Tennessee church shooting suspect sent suicidal text

NASHVILLE, Tenn. -- A man charged in a mass shooting at a Tennessee church expressed suicidal thoughts in June and had a volatile relationship with a woman that twice involved law enforcement this year, according to police records.

Emanuel Kidega Samson, 25, is charged with the fatal shooting of one woman and is expected to face several more charges following the rampage that left six others wounded on Sunday, September 24.

Samson wore a tactical vest and fired 12 rounds from a .40-caliber handgun, reloading it once, Nashville police spokesman Don Aaron said. He was also carrying a loaded 9 mm handgun and had a .22-caliber pistol and military-style AR-15 rifle in the car he had left running outside the church, police said.

Police did not find any AR-15 ammunition on the scene, Aaron said.

According to an affidavit, Samson told Nashville police after his arrest that he arrived at the church armed and fired upon the building.

Court documents do not indicate whether Samson has an attorney. His first court hearing is Wednesday.

Police in Murfreesboro, about 20 miles (32 kilometers) southeast of the church, responded to a call from Samson's father, who had reported that his son had texted him June 27 to say: "Your phone is off, I have a gun to my head, have a nice f------ life."

Samson's phone was traced to a Nashville business and officers checked on Samson's welfare. They described his demeanor as "professional" and said they had "no reason to believe" that he would harm himself, Aaron said.

In January, Murfreesboro officers responded to two domestic disturbances between Emanuel Samson and a woman who accused him of cheating on her. Samson cut his hand when he punched a small TV on her desk, according to statements to police.

In March, police were dispatched to Samson's home, where he said the woman was trying force entry despite his attempts to break off contact with her. He told officers he was afraid of her because she had struck him in the past.

No charges were filed in either incident.

On Sunday, toward the end of services at the Burnette Chapel Church of Christ, Minerva Rosa said church members were talking about the success of their yard sale the previous day when they heard gunshots outside the building. The church pastor, David Spann, 60, then shouted for everyone to run, according to a witness.

The gunman entered the church from the back after fatally shooting a woman outside, police said. He then walked through the church silently, shooting six more people before Robert Engle, a 22-year-old usher, tackled him.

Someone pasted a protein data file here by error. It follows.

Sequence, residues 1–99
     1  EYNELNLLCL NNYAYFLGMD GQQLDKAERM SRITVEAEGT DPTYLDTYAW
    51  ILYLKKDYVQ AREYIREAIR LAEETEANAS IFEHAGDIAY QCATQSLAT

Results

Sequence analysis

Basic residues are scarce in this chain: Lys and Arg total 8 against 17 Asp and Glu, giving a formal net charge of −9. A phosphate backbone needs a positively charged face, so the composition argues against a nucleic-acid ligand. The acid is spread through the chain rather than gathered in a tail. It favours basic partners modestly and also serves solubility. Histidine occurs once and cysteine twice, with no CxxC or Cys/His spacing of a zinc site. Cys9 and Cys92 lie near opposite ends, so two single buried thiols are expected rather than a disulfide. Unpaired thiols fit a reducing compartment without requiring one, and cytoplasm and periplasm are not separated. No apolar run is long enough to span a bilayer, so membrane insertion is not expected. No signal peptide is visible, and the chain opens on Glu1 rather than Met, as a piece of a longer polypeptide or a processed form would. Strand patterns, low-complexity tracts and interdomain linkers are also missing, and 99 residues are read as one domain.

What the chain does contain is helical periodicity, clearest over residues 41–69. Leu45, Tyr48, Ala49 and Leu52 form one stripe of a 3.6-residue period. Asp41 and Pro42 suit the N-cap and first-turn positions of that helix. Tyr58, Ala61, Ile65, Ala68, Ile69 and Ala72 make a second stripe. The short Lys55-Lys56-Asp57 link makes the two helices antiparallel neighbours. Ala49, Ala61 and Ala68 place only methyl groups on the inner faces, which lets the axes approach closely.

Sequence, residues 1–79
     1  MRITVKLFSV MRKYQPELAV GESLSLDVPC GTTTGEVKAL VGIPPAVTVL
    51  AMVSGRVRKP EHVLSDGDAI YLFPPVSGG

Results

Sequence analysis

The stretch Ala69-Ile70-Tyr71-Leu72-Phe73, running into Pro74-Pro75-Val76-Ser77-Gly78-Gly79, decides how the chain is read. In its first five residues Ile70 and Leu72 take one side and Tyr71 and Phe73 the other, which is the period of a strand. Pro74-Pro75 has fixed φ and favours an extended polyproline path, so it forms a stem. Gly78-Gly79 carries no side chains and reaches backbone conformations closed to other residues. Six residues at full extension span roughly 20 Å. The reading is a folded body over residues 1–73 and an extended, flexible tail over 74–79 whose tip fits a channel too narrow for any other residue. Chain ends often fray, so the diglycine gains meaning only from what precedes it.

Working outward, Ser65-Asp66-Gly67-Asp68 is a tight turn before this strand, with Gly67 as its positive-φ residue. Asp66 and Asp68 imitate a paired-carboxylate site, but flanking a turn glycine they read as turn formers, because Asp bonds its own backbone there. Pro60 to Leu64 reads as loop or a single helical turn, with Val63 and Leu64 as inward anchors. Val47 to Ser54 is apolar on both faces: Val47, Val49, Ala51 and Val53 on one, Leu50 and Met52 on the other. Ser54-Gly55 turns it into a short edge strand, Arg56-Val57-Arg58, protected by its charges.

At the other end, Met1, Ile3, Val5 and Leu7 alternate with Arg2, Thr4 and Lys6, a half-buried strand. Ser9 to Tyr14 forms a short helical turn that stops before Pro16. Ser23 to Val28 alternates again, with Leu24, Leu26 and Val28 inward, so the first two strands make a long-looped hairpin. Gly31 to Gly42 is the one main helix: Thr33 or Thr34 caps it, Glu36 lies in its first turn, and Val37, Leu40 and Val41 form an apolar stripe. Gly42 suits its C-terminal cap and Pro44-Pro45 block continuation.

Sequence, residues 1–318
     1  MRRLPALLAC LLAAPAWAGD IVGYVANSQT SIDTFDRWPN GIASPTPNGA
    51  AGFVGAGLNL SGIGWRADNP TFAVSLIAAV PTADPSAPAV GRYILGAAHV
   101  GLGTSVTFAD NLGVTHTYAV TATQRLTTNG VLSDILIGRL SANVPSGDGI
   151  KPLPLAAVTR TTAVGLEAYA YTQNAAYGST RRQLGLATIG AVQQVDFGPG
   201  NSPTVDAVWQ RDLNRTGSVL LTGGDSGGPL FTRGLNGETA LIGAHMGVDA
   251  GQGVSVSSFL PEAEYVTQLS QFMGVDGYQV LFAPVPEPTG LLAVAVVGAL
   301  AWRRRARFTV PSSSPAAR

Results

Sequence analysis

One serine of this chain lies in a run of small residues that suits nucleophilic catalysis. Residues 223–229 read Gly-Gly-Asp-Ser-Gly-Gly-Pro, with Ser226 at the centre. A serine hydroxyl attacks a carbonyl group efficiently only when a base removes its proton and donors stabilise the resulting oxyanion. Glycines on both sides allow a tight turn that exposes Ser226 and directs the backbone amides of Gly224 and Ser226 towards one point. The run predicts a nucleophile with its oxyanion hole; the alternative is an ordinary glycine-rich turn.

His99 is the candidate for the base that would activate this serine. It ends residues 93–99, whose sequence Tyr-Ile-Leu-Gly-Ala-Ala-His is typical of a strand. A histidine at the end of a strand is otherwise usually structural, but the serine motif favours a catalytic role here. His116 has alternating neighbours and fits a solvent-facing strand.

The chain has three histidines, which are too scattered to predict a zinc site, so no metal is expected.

In the struggle, the gunman shot himself, although it wasn't clear if it was on purpose or an accident. Engle retrieved his own gun from his car and held the man until police arrived.

Authorities said Samson came to the United States (US) from Sudan as a child in 1996 and is a US citizen.

No motive had been determined by Monday evening. Church members told investigators that Samson had attended services a year or two ago.

Melanie Smith, 39, of Smyrna, Tennessee, was killed in the parking lot. Spann's wife, Peggy, 65, was shot as well as William and Marlene Jenkins, 83 and 84 respectively, Linda Bush, 68, and Katherine Dickerson, 64. Police said none of the surviving victims suffered life-threatening injuries.

Forty-two people were at the church at the time, Aaron said.

In 2014, Samson obtained a license to work as an unarmed security guard, according to state Department of Commerce and Insurance records. The following year, he worked for nine days for the state Department of Mental Health and Substance Abuse Services, but spokesman Matthew Parriott declined to say what his job was.

Samson's security guard license expired in 2016, but Samson enrolled in a course to renew it on Friday — two days before the shooting.

Samson registered for a training course with Academy of Personal Protection and Security and initialed language stating that he was "presently in good physical and mental health."

Company owner Buford Tune told WTVF-TV that Samson didn't stand out much during the course beyond scolding another attendee for not paying attention. The course does not cover physical or defense tactics, Tune said.

Samson went to work on Saturday with Crimson Security, Aaron said, but sent an email to a company official on Sunday at 10:01 a.m. saying he appreciated the opportunity but would not be returning.

Childhood friends on Facebook remembered Samson as a skinny kid in middle school, a stark contrast to the imposing body builder he developed into.

Samson took his workouts seriously, posting several images of himself flexing his muscles on social media. In November, he entered into the novice class of the Music City Muscle competition and came in seventh in the men's physique category.

Neighbor Dejuan Martin told WSMV-TV that he has known Samson for about five years, and once attended Bible study with him. He described him as goofy and passionate.

"I would never say that he was like a bad person, I just couldn't say that," Martin said. "He never showed any bad tendencies." (AP)


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